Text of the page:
Chicken Cacciatore

Prep: 12 minutes; Cook: 54 minutes

This dish is the ultimate Italian comfort food. Serve it over pasta or polenta--both are good sauce catchers.


5 servings (serving size: 2 thighs or 1 breast half and about 3/4 cup sauce)

Recipe from

Oxmoor House

Nutritional Information

Calories 296
Fat 7.9 g
Satfat 1.5 g
Protein 39.2 g
Carbohydrate 13.5 g
Fiber 2.5 g
Cholesterol 111 mg
Iron 5.5 mg
Sodium 637 mg
Calcium 95 mg


4 chicken thighs (about 1 pound 2 ounces), skinned
3 (8-ounce) bone-in chicken breast halves, skinned
1/8 teaspoon salt
1/4 teaspoon black pepper
Cooking spray
2 teaspoons olive oil
1 1/4 cups chopped onion
1 cup chopped red bell pepper
4 garlic cloves, minced
2/3 cup dry white wine or fat-free, less-sodium chicken broth
1 (28-ounce) can Italian-style tomatoes, undrained and chopped
1/3 cup pitted kalamata olives
1/2 cup fat-free, less-sodium chicken broth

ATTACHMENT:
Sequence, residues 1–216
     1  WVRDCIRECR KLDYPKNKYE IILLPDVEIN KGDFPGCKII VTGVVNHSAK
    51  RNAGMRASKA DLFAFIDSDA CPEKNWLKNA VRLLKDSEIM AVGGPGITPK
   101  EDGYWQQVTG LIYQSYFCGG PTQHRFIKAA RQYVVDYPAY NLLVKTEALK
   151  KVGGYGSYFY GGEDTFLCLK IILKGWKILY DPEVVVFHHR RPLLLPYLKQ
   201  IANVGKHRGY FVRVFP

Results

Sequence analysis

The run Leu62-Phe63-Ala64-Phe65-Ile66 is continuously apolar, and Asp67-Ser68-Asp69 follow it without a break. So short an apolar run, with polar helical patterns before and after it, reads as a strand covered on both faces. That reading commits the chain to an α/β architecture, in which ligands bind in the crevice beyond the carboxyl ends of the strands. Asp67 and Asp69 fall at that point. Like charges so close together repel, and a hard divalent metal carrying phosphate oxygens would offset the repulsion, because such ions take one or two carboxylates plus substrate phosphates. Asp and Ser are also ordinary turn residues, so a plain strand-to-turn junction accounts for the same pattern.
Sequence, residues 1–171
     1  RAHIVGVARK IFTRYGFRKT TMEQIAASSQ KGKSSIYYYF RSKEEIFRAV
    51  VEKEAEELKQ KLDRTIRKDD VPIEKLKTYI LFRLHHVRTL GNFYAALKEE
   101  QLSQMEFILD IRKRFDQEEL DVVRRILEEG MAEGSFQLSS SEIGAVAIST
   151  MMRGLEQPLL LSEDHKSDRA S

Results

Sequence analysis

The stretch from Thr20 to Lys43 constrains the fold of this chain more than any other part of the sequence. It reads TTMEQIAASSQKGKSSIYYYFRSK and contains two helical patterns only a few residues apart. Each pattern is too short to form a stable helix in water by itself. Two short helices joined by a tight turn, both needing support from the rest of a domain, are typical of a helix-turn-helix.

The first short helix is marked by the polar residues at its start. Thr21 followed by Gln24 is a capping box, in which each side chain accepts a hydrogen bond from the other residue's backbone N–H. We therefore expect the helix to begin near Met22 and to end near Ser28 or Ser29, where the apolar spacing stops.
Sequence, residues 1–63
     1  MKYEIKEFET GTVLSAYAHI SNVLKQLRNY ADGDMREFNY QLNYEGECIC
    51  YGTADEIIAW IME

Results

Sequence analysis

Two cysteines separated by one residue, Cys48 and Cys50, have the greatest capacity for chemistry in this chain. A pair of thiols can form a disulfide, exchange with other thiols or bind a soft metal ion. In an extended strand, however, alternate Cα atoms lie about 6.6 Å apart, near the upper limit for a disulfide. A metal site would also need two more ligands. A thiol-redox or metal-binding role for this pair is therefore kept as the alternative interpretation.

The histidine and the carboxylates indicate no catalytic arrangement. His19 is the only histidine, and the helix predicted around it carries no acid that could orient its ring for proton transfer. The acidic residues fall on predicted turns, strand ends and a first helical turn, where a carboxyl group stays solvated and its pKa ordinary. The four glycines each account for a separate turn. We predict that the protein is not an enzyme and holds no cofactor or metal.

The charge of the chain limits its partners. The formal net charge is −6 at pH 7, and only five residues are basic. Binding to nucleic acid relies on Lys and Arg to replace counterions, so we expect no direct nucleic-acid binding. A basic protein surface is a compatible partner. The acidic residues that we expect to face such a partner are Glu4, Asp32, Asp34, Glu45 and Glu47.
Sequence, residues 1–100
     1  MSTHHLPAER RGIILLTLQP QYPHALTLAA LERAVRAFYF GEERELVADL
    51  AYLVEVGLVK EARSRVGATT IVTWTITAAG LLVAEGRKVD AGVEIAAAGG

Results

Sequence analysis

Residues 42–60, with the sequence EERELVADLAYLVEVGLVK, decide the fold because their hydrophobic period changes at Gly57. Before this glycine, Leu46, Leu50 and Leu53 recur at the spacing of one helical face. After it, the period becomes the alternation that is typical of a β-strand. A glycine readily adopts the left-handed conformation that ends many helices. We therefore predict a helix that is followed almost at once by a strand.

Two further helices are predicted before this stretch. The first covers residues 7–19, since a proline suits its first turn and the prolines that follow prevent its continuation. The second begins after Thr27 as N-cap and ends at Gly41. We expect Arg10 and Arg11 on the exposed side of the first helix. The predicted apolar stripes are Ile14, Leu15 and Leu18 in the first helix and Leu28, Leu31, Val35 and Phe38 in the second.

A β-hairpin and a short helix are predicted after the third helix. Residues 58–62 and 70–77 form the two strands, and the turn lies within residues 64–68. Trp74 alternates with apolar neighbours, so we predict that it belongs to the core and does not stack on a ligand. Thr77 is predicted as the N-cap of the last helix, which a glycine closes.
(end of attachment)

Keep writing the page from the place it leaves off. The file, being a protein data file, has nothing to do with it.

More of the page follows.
2 teaspoons chopped fresh rosemary


1. Sprinkle chicken with salt and black pepper; coat both sides of chicken with cooking spray. Heat oil in a large nonstick skillet over medium-high heat. Add chicken; cook 5 minutes on each side or until browned. Remove chicken from pan.

2. Add onion, bell pepper, and garlic to pan; sauté over medium-high heat 5 minutes. Add chicken and wine to pan. Bring to a boil; reduce heat. Simmer 7 minutes or until wine almost evaporates, turning chicken and stirring occasionally.

3. Add tomatoes and remaining ingredients; bring to a boil. Cover; reduce heat. Simmer 20 minutes or until chicken is done. Place chicken on a platter; keep warm. Bring tomato mixture to a boil; boil 7 minutes or until sauce reduces moderately. Spoon sauce over chicken.

Note: If buying only one cut of chicken, use 5 bone-in chicken breast halves, skinned, or 10 skinned chicken thighs.

Cacciatore (kah-chuh-TOR-ee) refers to a dish that's prepared in the "hunter's style." Differing legends revolve around this dish--some say the dish was cooked for the hunter as a send-off before a hunt; others believe the dish was created with the hunting bounty.

Caroline Grant,

Oxmoor House Healthy Eating Collection,

Oxmoor House

June 2006
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